How do we shift the structure of the FCC.gov website to more user-focused interactions vs. FCC-focused?
The goal of the 2010 redesign was to improve the navigation of the site. There hadn't been an uplift for almost nine years when I joined the project to represent the Public Safety and Homeland Security Bureau.
Our first task was to discover what people come to the website to accomplish. Our hypothesis was that people very rarely came to browse the site as-is because it was structured as an info-sharing site with little task-based features.
The project team had to advocate for data: web traffic, search terms, user feedback, and stakeholder interviews. That information helped us see that the most popular parts of the site were task-based actions like the e-filing systems on the site.
For my bureau, it became clear that the task our primary audience of first responders sought on the bureau site was access to emergency management plans and best practices. Creating a repository that was easy to navigate, search, and add to by public safety professionals was the main focus of my work. The webmaster, web devs and I also created an intake process to vet information with FCC experts for the site's content.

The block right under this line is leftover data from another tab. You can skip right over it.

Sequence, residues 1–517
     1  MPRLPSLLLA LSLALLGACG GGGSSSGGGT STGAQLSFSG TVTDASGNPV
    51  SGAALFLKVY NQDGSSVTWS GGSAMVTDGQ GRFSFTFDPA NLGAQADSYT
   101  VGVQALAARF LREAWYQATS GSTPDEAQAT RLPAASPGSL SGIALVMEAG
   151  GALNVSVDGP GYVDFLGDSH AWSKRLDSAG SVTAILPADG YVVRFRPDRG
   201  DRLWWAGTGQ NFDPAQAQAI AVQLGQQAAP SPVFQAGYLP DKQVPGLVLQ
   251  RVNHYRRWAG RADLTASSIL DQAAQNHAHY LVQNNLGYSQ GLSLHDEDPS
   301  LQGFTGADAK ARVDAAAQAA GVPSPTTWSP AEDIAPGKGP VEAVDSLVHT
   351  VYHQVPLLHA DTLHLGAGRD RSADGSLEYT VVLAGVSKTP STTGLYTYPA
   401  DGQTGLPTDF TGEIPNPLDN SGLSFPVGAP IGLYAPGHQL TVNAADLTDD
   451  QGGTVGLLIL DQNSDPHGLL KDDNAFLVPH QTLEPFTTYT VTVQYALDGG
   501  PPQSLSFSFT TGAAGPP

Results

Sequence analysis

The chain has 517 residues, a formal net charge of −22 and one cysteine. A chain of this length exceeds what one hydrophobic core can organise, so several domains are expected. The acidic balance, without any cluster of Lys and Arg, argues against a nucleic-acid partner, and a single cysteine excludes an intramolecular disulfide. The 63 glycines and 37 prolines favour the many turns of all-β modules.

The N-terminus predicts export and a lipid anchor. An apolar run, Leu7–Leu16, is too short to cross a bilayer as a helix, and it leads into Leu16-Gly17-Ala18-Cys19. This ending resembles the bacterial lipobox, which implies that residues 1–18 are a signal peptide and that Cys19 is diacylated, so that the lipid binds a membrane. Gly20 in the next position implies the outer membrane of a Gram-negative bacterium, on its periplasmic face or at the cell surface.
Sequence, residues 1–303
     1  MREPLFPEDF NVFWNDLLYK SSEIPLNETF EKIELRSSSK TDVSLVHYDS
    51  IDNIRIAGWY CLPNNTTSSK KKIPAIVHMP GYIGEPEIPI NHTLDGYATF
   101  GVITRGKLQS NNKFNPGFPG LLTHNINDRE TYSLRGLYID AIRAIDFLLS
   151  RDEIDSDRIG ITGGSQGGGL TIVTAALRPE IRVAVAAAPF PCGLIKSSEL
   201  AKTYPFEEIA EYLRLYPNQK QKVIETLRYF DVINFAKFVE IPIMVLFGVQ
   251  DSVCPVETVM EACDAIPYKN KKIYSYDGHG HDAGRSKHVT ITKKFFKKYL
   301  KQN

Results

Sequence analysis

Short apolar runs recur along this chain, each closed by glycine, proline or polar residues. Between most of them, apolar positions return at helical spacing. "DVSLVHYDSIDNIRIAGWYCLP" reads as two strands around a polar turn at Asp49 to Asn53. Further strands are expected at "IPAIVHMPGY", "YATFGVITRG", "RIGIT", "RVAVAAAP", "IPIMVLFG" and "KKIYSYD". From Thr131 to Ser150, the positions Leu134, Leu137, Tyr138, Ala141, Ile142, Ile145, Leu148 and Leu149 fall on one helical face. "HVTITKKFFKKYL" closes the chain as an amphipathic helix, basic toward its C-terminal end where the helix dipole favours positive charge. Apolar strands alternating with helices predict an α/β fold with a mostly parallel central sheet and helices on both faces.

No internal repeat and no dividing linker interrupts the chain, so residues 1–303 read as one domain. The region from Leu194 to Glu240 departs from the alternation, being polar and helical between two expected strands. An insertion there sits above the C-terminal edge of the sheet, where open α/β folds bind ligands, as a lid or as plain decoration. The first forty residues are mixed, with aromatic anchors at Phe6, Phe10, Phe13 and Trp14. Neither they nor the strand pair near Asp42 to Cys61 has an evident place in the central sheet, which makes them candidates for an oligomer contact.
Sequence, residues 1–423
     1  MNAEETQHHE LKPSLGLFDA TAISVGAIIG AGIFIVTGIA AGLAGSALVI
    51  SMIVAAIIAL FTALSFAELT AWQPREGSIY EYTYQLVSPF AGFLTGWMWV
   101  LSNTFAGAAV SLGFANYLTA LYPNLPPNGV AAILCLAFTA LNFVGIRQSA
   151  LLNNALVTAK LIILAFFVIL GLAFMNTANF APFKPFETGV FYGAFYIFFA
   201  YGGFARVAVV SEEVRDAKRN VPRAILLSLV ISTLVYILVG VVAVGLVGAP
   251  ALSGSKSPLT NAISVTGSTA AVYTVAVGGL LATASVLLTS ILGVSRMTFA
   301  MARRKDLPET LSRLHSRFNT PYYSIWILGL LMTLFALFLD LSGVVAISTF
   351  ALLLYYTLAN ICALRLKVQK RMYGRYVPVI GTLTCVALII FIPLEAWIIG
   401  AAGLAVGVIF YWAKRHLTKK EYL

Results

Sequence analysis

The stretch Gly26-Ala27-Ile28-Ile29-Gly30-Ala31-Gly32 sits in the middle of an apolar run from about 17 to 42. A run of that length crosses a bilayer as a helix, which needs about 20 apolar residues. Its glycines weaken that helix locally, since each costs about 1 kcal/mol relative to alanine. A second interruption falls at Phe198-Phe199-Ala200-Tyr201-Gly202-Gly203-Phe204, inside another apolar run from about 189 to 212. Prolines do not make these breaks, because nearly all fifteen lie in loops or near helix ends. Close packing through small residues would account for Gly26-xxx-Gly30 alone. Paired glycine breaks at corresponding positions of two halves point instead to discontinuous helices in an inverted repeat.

This was my first major UX challenge. This project taught me the patience and language to communicate design. It showed me the diplomacy and tact it can take to get people to see digital experiences as the core function of an organization — not just repositories of information or glossy marketing.
I loved working directly with web developers and the project leads. We moved quickly and had things up and running and tested.